By Dietrich Knauth
The hospice submitted ACA-mandated quality data on time, but in an improper Excel format.
The Provider Reimbursement Review Board denied a Las Vegas hospice’s appeal over a 2 percent reduction over its 2018 Medicare payments, finding that CMS was within its rights to reduce the payments after rejecting certain quality reporting data as improperly formatted (Southwest Medical Associates Hospice and Palliative Care v. National Government Services, Inc., PRRB Hearing, Dec. No. 2019-D30, Case No. 18-0934, June 26, 2019).
Southwest Medical Associates Hospice and Palliative Care was hit with a reduction in its "annual percentage update," or APU, which is meant to annually update the daily payment rate for hospice services based upon the inpatient market basket percentage increase. The Patient Protection and Affordable Care Act (ACA) made the annual increase partially contingent upon a hospice provider’s submission of certain quality data, allowing for a 2 percent reduction in the APU for hospices that failed to properly report the required quality data measures for a particular fiscal year.
For 2018, Southwest Medical Associates was required to submit reports for both the Hospice Item Set and the Hospice Consumer Assessment of Healthcare Providers and Systems, and CMS found that its Hospice Item Set data was improperly submitted. Although the data was submitted on time, it was transmitted in an Excel format that was ultimately rejected by CMS.
The hospice provider argued on appeal that its data submission was sufficient to avoid the two point penalty, and that the statute does not require a particular Excel format for the submission of the data. But the review board disagreed, finding that the statue requires hospices to submit the quality data" in a form and manner, and at a time, specified by the Secretary," giving the agency broad latitude to determine whether a report is acceptable or not.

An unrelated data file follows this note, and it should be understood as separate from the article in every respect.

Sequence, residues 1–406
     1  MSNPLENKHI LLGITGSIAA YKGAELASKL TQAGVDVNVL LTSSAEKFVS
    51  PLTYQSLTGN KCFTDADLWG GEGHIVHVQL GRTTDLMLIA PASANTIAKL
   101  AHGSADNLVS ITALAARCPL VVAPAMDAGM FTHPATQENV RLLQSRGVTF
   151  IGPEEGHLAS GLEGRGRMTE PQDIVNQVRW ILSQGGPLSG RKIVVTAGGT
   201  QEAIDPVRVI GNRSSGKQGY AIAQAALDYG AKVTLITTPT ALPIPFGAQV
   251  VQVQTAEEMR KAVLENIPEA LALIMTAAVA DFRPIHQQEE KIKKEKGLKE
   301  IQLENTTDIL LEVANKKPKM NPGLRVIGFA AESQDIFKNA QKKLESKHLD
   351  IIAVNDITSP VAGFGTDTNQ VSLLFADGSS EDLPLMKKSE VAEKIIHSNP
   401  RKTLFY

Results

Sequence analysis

"It is undisputed that SMA’s data submissions, while apparently timely filed, were not accepted by CMS because SMA did not submit its data in a form acceptable to the Secretary," the PRRB wrote.
The hospice also argued that it did not know the data was improperly formatted, and that it was being unfairly penalized for failing to perform additional validation checks after submitting its data. The review board disagreed, finding that the hospice should have known that additional verification could have revealed errors in its submission.
The user guide for the website used to upload Hospice Item Set data made several disclaimers explaining that successful upload of the data did not guarantee that it was accepted, according to the review board. The guide told hospices that errors in the uploaded data might only be identified after a 24-hour review period, and that hospices should print their upload confirmation messages in order to access final validation reports that might make them aware of errors in uploading the data.
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